Just as Smith’s script – aided by his excellent pacing as director – tears away at these character’s facades to reveal their individual truths the actors adroitly remove layer by layer until we see the awful toll hatred and fear take on people and nations. We achieve a revealing (though admittedly distressing) intimacy with the denizens of “Maidens” that’s as much about the actors’ talents and energies as it is about Smith’s storytelling gifts.
In addition to the fine acting of Breen, DeWald, Kanies and West there’s the extraordinary contribution of three players who speak volumes without uttering a single word. Tosha Marie Pendergrast, Preston Crowder and Becky Wahlstrom (Wahlstrom is also the show’s assistant director) as Figures 1, 2 and 3, respectively, convey multiple characters through movement and gestures with a minimum of added trappings – a woman’s scarf or a soldier’s “cover,” to give just two examples – while covered head-to-toe in black body stockings. Their exquisite expressiveness is mesmerizing.
The dialect work in “Maidens” is quite good, with DeWald and Nettie Kraft (German accents) as well as Kraft and Holly Shepherd Urbanowicz (Polish accents) deserving kudos for their coaching efforts. There may be nothing more distracting than bad accent work in a show; good accents complement other characterization components, so we suspend our disbelief more readily.
Sawyer Wallace’s stark and striking set design, complete with large cells for Barkmann and Becker, is also quite good, though in Darkhorse Theater’s black box those cells partially obstruct the sightlines for some audience members to the upstage platform where some pivotal playing occurs. Perhaps a thrust stage where that upstage action is moved downstage in front of those cells might possibly suit a future production.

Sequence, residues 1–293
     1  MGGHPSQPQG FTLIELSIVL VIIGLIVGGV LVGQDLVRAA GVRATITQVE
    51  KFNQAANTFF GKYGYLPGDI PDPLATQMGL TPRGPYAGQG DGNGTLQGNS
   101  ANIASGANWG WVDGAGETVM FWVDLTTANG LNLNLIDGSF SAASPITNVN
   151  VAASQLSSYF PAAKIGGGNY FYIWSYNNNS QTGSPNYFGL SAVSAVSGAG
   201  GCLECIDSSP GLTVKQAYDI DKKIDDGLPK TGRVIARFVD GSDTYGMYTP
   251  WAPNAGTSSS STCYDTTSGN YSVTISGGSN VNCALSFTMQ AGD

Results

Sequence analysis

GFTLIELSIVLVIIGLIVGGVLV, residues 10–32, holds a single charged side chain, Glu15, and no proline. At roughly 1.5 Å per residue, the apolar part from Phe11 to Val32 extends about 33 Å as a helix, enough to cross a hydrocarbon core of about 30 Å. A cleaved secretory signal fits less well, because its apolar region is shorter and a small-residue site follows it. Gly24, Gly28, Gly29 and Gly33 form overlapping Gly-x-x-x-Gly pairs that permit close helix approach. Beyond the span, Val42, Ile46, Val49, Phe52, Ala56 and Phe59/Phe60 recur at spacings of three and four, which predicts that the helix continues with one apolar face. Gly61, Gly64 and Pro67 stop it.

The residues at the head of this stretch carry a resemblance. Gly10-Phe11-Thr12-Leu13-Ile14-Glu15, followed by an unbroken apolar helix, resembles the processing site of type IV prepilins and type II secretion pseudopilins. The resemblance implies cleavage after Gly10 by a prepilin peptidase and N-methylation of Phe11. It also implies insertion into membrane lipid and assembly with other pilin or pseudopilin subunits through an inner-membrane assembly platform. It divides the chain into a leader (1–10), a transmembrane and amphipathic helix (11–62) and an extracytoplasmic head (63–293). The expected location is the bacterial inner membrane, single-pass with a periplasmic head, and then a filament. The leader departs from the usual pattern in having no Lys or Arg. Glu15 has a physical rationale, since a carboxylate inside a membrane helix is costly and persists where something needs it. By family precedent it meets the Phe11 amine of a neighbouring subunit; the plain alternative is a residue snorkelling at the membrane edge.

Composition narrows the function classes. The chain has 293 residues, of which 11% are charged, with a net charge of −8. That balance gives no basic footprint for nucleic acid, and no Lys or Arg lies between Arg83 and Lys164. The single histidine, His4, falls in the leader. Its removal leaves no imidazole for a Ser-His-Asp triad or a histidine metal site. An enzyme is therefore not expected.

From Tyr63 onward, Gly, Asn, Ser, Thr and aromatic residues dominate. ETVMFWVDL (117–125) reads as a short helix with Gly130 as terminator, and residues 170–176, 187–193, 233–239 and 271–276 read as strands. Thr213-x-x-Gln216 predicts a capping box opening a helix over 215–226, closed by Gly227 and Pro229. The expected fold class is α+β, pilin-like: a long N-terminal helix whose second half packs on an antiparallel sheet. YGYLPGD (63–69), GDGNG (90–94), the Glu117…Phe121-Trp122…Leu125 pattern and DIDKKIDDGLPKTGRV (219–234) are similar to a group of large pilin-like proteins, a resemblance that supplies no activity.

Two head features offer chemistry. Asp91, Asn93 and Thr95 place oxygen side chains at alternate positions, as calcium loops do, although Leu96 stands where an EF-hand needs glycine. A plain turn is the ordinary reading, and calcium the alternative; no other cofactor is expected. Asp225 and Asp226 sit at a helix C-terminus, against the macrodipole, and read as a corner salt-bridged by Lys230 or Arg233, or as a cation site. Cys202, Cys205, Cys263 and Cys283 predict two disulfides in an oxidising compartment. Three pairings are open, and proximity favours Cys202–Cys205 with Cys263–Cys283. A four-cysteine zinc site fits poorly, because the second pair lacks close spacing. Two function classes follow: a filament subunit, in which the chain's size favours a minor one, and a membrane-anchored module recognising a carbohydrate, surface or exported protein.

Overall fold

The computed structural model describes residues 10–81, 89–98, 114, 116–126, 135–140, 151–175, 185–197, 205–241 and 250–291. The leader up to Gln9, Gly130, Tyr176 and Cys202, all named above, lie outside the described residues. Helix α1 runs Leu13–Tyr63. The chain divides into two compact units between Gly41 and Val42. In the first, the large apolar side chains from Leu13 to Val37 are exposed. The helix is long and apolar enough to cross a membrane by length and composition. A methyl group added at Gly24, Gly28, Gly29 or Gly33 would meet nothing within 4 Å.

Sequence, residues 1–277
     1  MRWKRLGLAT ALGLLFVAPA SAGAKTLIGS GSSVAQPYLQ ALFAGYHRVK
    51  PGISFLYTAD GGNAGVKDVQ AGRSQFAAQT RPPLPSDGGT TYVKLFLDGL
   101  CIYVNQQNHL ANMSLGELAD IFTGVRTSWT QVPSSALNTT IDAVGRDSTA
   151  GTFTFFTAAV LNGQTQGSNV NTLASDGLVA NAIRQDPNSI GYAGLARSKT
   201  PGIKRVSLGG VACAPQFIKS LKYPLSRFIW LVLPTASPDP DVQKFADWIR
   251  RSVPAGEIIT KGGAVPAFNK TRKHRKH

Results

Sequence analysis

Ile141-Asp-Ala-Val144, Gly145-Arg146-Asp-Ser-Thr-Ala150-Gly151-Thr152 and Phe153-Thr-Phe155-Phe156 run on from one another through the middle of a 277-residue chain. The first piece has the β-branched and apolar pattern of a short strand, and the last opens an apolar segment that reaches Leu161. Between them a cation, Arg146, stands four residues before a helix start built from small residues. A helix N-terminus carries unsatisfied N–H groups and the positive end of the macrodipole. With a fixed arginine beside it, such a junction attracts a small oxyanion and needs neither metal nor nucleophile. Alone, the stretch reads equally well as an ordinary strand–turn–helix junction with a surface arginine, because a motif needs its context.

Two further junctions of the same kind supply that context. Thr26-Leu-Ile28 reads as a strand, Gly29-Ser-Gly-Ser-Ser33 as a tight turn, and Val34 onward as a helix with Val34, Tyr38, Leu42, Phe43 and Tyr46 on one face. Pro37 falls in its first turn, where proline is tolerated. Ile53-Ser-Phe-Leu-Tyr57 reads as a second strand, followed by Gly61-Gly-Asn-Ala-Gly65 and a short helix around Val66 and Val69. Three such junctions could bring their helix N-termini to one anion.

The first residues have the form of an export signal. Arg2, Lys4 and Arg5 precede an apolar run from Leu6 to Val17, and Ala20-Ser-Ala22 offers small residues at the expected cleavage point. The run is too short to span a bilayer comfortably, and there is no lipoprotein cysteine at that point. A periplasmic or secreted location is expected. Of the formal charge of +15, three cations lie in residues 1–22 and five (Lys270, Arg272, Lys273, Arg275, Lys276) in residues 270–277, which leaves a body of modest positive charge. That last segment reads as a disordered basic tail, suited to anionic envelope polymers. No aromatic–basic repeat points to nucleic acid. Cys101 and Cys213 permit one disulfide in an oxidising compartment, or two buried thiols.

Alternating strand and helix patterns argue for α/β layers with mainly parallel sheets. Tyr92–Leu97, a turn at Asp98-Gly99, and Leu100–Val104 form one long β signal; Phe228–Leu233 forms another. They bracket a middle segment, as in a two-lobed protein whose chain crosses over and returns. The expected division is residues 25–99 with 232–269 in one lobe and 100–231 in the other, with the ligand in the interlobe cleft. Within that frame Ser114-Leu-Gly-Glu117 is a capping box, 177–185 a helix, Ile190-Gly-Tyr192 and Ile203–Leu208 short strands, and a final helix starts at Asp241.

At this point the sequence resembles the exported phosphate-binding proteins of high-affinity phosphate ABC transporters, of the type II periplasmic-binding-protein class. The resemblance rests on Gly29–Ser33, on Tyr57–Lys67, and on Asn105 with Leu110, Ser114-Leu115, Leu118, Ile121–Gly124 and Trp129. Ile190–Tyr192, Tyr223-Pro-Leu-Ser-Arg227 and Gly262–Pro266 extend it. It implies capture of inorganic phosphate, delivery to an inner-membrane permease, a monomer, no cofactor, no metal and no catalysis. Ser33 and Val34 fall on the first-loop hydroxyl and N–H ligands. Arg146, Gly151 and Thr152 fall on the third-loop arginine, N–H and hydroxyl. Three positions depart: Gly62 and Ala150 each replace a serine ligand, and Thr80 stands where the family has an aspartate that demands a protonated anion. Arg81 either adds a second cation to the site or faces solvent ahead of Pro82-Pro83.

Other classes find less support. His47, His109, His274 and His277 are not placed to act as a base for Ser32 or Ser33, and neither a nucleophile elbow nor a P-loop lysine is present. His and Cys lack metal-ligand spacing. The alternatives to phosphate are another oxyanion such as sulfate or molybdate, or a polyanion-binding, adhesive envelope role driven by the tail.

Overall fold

Sound and video design (including some very disturbing but appropriate photo projections) by William Kyle Odum as well as Daniel DeVault’s lighting design set and maintain the right perspectives for this grim piece. Costume designer Colleen Garatoni captures the period from a fashion standpoint but also shows the effect of wartime life perfectly; clothes that once were fresh and colorful are now worn and faded. Makeup artist extraordinaire Shay Puffett works her cosmetic magic during the show to create visible scars on Barkmann following a violent scene (no spoilers here about that scene – go see it!). Maintaining the integrity of the prompt book (among I’m sure many other duties indispensable to this production) is stage manager Alexis LaVon.
The terrible cost of inhumanity is on intense and insightful display in “Maidens.” It’s not easy to watch, but of course it can’t be and shouldn’t be – it is, however, rewarding to audience members that take the journey with Tennessee Playwrights Studio. As Smith says on his web site, “I know that theatre can be fresh, provocative, incendiary, seditious, transgressive. It can be god—d interesting. That’s what I aspire to write.” Aspiration superbly accomplished once again, Mr. Smith.
Tennessee Playwrights Studio’s world premiere production of “Maidens” by Kenley Smith continues through July 13 at Darkhorse Theater (4610 Charlotte Ave.) Performances start at 7:30 PM today (Thursday, which is a Pay-What-You-Can performance), Friday and Saturday. The show runs about 90 minutes with no intermission; it contains profanity, sexuality and other adult content that makes it appropriate for mature audiences. Tickets ($15) for the remaining shows can be purchased online by clicking here.
(Thanks to TPS Marketing Intern Jacob Stenson)